It’s In the Water
Do pharmaceutical manufacturers need to do more to prevent drug products entering our water sources?
Maryam Mahdi | | Quick Read
At the heart of any drug product is the API – the ingredients that give drugs their effects. They are designed to be robust and to not succumb to degradation, but if a drug product is built to last, what does that ultimately mean for our environment? Estimates show that the US market fills upwards of four billion prescriptions for pharmaceuticals each year, many of which eventually end up in water supplies (1). This type of contamination, according to Hector Garcia, Senior Lecturer in Wastewater Treatment Technology at IHE Delft in the Netherlands, can be found “even in very low concentrations” in “almost any water source”.
“The ecological effects of certain drug products was established more than 15 years ago. A pertinent example is the feminization of fish,” Garcia explains. Despite the awareness raised about the problem almost two decades ago, the issue is still pervasive. Many drug products exhibit endocrine disruptive properties with ramifications for human health too. Some products are also able to mimic hormones and could be associated with obesity, certain types of cancer and reproductive health issues.
Garcia argues, however, that the blame for the ever-growing issue cannot be placed at the feet of the pharmaceutical industry. “The crux of the issue is that as these compounds cannot be biodegraded; when we flush the toilet, these compounds end up in the sewer and they simply pass into conventional wastewater treatment processes partially removed or not removed at all; therefore, they end up in watercourses.”
The problem, Garcia explains, is at the municipal level in many regions of the world as they do not have basic wastewater treatment systems, causing them not only to struggle with basic sanitation, but also not removing any of any fraction of these compounds. “Though pharmaceutical manufacturing may add to the problem, reducing the presence of drugs in from treated and untreated wastewater discharges must be come an imperative for us all, though the cost associated with this may hinder the progress we, as a global community, can make.”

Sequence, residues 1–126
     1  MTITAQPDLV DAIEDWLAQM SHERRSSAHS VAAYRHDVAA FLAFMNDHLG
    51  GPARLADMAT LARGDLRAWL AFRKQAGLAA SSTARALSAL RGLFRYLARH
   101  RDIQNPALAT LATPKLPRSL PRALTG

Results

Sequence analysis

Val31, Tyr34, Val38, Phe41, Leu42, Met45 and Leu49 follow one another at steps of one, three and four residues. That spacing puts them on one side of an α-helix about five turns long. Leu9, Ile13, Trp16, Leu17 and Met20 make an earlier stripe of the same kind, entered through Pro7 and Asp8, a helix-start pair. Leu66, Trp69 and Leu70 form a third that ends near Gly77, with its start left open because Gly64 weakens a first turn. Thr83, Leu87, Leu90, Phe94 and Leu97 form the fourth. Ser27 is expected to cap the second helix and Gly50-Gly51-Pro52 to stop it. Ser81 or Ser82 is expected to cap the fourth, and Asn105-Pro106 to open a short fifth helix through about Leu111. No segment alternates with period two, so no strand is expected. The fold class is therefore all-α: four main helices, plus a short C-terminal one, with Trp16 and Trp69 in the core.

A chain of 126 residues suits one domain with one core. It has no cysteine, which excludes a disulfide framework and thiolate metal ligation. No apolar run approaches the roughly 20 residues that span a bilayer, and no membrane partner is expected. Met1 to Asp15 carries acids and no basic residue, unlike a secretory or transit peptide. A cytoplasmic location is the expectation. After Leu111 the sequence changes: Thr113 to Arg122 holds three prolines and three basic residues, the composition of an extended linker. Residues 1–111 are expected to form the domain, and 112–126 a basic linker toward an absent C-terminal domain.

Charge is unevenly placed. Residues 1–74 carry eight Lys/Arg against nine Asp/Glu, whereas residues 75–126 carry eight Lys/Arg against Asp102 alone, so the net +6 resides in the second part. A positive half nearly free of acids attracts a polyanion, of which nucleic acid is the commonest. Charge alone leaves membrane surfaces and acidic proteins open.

Garcia believes that if the industry can commit to ensuring its use of good practices (which include committing to cleaner production strategies and constructing state-of-the-art industrial wastewater treatment plants that can achieve almost 100 percent efficiency when removing such compounds from their effluent discharges), very little contamination should come from manufacturing sources. Some companies are already proving how proactive they are in addressing the problem of pharmaceuticals in the environment through their adoption and implementation of technologies for the removal of such compounds from wastewater. “Processes such as advanced oxidation, membrane filtration, carbon activation, as well as a combined approach are quite effective for the removal of such compounds,” says Garcia. “It has been encouraging to see a great many pharmaceutical companies so heavily involved in the implementation of environmental and social responsibility standards sometimes going beyond the local regulations of the region where they are situated.”
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- J Dady et al. “A Method for Developing Rapid Screening Values for Active Pharmaceutical Ingredients (APIs) in Water and Results of Initial Application for 119 APIs”. International Journal of Environmental Research and Public Health. 2018.